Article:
Snapping her mouth shut, Allison stood up, revealing her tight, short, brown pleather skirt and neon green stilettos. Haughtily walking past, she drawled, “Ah’m goin’ to the ladies’ room.”

   Four minutes later, Jonathan came out and looked at the empty secretary’s desk. Allison hadn’t returned. He whispered to me as he hurried to the hallway, “Whatever is he thinking?!”
   I smiled ruefully, straightened my suit and marched into the inner sanctum — after all, I did have an appointment.
   I stood in front of Boyle’s desk and waited. And waited. He loves to play that game. Making people stand as if at attention until he acknowledges them. I didn’t want to play today, and said curtly, “What happened to Miss Katherine?”
   Without looking up, he said, “She moved next door. What do you want?”
   “Why was she moved?”
  At that, he looked up sharply. “I don’t report to you — you report to me. It’s none of your damn business why she was moved. What do you want?”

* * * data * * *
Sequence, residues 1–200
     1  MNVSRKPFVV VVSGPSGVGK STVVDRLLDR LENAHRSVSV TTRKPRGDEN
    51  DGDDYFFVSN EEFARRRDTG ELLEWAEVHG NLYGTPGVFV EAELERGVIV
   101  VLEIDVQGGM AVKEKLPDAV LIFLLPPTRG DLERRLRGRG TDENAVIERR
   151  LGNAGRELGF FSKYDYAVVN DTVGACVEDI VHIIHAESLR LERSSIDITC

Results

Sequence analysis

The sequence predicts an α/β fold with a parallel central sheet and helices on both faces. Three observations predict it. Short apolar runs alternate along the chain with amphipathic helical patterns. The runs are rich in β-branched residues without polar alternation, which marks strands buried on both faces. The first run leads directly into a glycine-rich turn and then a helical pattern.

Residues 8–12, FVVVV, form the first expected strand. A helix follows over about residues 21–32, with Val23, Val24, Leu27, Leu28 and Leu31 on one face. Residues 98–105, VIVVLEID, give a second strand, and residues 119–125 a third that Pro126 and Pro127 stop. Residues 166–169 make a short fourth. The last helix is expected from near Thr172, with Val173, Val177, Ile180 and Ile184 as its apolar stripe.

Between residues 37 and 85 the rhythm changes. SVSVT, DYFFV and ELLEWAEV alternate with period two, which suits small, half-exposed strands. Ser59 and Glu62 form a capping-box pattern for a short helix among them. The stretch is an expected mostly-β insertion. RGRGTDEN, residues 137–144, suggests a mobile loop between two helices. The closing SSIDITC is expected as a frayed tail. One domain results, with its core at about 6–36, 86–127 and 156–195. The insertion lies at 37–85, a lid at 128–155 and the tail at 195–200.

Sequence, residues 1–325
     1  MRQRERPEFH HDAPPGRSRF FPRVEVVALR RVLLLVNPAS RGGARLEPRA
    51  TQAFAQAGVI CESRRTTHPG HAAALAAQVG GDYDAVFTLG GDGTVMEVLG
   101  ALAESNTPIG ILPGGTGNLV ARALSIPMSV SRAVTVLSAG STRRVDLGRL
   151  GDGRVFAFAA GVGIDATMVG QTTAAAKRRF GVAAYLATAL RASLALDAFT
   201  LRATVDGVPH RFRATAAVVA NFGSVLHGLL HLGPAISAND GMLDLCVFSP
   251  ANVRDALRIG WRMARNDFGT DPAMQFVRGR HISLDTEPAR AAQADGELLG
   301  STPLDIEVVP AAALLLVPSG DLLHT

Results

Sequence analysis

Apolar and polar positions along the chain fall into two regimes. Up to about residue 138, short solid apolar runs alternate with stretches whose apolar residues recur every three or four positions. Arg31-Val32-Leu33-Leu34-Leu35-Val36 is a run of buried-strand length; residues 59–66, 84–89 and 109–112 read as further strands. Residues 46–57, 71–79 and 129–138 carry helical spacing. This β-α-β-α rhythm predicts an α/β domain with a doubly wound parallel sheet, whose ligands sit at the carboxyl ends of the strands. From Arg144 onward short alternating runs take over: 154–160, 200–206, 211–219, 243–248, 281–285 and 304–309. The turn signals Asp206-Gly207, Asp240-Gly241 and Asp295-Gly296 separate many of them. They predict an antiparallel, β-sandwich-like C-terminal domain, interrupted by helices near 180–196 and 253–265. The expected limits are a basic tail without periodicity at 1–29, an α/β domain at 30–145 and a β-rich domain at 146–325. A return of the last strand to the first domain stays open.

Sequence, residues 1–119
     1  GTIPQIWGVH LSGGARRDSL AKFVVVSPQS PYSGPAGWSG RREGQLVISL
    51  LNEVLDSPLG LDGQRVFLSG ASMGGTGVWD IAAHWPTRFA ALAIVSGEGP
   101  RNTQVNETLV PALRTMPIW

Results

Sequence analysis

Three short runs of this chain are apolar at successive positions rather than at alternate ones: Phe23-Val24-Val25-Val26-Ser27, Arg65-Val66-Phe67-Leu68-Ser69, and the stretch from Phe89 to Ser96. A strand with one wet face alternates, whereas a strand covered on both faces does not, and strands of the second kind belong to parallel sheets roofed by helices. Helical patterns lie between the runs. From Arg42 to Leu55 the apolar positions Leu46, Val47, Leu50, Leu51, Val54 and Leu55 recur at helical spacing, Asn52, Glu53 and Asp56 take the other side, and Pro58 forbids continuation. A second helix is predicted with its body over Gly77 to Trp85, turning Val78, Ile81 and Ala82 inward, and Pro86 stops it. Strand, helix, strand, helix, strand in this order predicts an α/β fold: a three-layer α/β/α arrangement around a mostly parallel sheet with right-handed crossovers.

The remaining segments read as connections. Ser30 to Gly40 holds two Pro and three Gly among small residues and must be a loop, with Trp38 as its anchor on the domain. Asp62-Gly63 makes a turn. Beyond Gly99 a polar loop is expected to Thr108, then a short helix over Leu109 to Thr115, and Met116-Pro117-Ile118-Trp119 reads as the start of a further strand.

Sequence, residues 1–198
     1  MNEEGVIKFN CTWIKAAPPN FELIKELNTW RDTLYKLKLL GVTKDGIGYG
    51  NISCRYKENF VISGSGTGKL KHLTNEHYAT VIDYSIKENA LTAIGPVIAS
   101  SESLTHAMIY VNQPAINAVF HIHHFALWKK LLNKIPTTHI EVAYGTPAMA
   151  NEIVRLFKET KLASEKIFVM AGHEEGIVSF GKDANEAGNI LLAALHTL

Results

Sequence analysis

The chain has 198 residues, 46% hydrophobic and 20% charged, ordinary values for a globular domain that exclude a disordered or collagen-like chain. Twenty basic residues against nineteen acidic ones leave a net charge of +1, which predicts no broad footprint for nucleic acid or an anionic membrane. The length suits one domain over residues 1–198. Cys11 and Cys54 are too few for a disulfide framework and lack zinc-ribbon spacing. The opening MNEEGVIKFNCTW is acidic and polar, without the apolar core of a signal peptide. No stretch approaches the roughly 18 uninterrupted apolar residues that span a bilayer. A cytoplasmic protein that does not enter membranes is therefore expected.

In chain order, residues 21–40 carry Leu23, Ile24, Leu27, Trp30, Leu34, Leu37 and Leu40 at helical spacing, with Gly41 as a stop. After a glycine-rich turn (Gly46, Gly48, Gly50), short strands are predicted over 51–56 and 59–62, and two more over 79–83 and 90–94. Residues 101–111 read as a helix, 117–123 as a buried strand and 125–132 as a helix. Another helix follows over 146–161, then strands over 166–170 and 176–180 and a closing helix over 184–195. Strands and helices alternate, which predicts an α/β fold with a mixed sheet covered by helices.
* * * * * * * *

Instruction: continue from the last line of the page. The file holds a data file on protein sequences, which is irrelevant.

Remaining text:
“We have an appointment to go over my department’s finances. I brought some facts and figures I’d like to discuss—”
   He interrupted, “Put them on the secretary’s desk.”

“But I’d like to discuss them with you.”
   “But I wouldn’t like to discuss them with you,” he said causticly, “so put them on the desk outside and leave. Dismissed.” He returned to his work, looking down. 
   Before I could stop myself, I stood at attention, clicked my heels together, saluted, turned and marched out. Bennett Boyle pretended not to notice.